Charu Nayyar, Ram Chander, Poonam Gupta, BL Sherwal
July-December 2014, 35(2):114-117
DOI:10.4103/0253-7184.142405  PMID:26396445
Background: Acquired Immunodeficiency Syndrome (AIDS), is now one of the greatest challenges facing the world. Sexual transmission is the primary route of human immunodeficiency virus infection worldwide. Male circumcision is being considered as strategy to reduce the burden of HIV/AIDS. Material and Methods: The present study was conducted on 200 HIV positive clients. They were screened for bacterial causes of STIs (Chlamydia trachomatis, Neisseria gonorrhoeae, Treponema pallidum and Gardnerella vaginalis). Results: There were 138 males and 62 females. The males were examined and the circumcision status was observed. In the females, circumcision status of their male partners was observed. The coinfection of HIV and STIs in circumcised and uncircumcised cases was found out. Diagnosis was made using standard tests. A total of 23% cases were diagnosed to have HIV -STI coinfection. Most common diagnosed diseases were Chlamydia (10%), Gonorrhoea (9%), Bacterial Vaginosis (4.8%) and Syphilis (2.5%). The coinfection rate in uncircumcised cases was found to be higher (29.2% in males and 39.2% in females) as compared to the circumcised cases (14.2% in males and 13.6% in females). Conclusion: The present study suggests that circumcision is a protective factor for acquisition of STIs in HIV positive clients but other factors like sexual behaviours, use of barrier contraceptives, drug abuse etc also play a role.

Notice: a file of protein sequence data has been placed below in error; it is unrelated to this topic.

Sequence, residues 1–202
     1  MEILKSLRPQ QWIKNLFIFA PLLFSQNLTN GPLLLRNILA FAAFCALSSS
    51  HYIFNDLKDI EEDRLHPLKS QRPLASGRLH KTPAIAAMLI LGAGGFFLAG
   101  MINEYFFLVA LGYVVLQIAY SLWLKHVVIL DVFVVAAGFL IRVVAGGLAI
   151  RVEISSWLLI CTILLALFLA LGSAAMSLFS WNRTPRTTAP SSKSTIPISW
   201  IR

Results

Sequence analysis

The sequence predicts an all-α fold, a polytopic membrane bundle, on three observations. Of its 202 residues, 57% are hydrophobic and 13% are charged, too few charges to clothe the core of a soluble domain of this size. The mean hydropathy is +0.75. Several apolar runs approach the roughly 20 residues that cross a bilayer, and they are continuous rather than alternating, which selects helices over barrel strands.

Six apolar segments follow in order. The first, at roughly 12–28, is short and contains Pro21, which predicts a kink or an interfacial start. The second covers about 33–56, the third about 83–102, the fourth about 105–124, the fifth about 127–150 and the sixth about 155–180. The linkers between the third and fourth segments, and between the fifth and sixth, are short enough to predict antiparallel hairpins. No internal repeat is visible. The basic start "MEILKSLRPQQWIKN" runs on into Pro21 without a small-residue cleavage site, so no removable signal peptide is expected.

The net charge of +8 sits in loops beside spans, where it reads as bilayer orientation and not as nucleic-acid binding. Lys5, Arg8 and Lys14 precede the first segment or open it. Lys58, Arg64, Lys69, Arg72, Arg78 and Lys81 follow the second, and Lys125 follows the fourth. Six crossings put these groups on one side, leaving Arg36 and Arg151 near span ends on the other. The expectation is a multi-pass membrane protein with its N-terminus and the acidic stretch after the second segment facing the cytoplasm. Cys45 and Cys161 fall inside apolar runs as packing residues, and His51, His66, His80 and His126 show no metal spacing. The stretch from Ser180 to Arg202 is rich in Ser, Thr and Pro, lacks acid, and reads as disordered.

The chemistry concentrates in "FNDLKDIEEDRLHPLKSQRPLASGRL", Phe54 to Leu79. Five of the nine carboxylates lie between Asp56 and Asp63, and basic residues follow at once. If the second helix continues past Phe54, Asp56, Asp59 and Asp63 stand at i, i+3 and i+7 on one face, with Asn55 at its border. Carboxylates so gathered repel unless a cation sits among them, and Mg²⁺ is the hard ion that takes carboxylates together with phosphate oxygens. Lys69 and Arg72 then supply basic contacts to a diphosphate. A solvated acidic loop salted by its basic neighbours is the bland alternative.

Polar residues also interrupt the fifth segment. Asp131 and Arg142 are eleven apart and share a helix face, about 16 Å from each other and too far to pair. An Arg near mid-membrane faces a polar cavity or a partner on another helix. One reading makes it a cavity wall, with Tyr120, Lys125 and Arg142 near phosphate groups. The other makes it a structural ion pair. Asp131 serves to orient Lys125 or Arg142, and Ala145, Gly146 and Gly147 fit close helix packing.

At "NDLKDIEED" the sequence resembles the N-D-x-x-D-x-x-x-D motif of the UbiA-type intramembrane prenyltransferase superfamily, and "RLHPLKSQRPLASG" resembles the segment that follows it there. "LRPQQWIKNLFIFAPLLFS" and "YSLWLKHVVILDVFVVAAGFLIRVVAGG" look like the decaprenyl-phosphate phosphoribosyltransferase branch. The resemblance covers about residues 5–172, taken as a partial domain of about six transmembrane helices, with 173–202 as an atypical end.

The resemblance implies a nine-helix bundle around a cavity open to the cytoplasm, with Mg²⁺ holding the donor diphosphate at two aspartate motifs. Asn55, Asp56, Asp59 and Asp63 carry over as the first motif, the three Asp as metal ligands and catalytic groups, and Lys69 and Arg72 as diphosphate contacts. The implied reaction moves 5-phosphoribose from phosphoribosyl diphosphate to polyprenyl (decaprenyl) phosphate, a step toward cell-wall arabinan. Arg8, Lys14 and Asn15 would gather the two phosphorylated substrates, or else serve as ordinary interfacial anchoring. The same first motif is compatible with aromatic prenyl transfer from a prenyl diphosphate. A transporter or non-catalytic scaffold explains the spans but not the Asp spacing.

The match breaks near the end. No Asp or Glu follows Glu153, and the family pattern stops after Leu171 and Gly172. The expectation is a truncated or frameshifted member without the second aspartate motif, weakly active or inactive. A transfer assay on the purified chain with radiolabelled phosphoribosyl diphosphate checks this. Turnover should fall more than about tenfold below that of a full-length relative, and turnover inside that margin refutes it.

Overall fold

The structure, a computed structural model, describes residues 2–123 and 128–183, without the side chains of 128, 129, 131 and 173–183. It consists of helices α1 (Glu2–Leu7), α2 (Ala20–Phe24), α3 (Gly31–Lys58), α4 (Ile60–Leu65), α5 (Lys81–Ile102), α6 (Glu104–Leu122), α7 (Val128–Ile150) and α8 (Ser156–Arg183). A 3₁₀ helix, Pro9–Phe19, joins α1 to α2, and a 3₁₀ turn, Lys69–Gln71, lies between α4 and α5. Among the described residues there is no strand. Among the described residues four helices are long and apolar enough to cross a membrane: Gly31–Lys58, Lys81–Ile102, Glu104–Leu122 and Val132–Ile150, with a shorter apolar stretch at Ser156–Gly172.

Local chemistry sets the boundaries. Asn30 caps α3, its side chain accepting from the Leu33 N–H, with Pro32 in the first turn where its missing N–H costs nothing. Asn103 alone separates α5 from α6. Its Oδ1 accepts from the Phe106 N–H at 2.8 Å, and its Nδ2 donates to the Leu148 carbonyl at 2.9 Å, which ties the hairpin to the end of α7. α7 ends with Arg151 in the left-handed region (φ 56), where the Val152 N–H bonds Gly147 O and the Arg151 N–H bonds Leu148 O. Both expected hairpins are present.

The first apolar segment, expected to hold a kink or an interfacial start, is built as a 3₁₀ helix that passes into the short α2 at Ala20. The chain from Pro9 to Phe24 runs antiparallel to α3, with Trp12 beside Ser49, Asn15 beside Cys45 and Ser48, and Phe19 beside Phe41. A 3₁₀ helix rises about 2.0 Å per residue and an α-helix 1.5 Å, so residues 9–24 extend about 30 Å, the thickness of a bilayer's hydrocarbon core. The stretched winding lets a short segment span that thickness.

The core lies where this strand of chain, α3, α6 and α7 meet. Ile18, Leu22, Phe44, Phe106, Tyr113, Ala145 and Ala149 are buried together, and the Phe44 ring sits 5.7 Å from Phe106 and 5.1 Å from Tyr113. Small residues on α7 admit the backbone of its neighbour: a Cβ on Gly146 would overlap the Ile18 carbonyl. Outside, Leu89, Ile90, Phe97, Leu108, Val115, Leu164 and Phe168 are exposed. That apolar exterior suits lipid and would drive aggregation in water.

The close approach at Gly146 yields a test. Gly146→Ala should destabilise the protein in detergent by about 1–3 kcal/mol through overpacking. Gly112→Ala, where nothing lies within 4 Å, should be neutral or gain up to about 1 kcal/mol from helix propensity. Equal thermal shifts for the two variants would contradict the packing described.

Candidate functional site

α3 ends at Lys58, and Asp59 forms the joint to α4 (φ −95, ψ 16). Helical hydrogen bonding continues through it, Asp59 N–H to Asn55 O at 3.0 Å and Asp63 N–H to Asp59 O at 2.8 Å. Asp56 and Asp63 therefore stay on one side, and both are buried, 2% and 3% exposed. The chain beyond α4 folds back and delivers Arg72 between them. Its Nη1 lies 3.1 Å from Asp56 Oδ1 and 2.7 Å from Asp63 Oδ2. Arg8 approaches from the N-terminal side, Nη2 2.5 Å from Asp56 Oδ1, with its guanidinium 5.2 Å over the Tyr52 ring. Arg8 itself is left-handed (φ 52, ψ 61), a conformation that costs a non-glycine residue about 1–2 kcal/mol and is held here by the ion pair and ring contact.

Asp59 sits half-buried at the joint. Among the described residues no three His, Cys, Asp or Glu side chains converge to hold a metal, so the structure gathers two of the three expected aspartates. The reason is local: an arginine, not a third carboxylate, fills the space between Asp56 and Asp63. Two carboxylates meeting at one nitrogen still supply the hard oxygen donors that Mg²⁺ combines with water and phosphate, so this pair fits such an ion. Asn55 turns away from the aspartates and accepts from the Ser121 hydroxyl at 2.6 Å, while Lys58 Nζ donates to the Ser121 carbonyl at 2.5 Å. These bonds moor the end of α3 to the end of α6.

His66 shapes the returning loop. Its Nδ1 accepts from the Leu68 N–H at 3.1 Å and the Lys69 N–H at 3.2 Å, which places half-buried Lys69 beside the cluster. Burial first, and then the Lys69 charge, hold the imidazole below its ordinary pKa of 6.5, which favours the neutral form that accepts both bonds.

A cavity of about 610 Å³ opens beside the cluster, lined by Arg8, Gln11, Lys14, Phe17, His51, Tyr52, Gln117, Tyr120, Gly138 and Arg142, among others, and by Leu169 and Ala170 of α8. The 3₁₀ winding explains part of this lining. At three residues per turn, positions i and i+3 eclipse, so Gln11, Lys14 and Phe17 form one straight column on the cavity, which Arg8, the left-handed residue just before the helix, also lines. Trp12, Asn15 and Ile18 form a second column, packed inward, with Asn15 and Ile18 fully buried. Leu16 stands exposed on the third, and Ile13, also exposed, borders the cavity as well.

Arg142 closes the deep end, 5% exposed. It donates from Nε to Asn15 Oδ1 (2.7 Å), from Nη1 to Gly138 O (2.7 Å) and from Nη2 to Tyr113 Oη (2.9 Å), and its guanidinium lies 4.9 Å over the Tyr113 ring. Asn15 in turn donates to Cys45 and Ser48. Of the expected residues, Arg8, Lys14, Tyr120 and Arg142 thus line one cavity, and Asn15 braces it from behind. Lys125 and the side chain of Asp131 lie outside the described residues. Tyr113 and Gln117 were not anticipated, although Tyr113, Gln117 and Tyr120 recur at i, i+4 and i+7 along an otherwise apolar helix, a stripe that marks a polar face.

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Validation of vaginal discharge syndrome among pregnant women attending obstetrics clinic, in the tertiary hospital of Western India
Maitri Shah, Shetal Deshmukh, Sangita V Patel, Kedar Mehta, Yogesh Marfatia
July-December 2014, 35(2):118-123
DOI:10.4103/0253-7184.142406  PMID:26396446
Introduction: Sexually transmitted infections (STIs) are major public health problem. The laboratory tests for diagnosing STI are often unavailable or too expensive. Therefore, World Health Organization has recommended a syndromic approach for diagnosis and management of STI/reproductive tract infections (RTIs). Very few studies so far had evaluated effectiveness of the syndromic approach in diagnosing STI/RTIs in pregnancy. Aims and Objectives: Validation of syndromic management for vaginal discharge syndrome in pregnancy. Materials and Methods: A cross-sectional study was carried out which included 233 pregnant females attending obstetric clinic. They were subjected to clinical examination, vaginal swab collection, and serological tests. Results: A total of 183 (78.54%) pregnant females had vaginal discharge on clinical examination and Candida albicans was the most common clinical diagnosis among them. Of 183 cases diagnosed clinically as vaginal discharge syndrome, 38 (20.7%) were tested positive in laboratory investigations. Out of 50 clinically negative cases, 9 (18%) were detected positive for one of the STIs on laboratory testing. Conclusion: Syndromic approach for management of vaginal discharge syndrome resulted in over-treatment of 78% (false positive) and under-diagnosis of 19.1% (false negative) pregnant females. Hence, integration of antenatal screening services in the form of laboratory tests for vaginal discharge is recommended.
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Retention of antiretroviral naïve patients registered in HIV care in a program clinic in Pune, India
Manisha V Ghate, Sunil S Zirpe, Nilam P Gurav, Bharat B Rewari, Raman R Gangakhedkar, Ramesh S Paranjape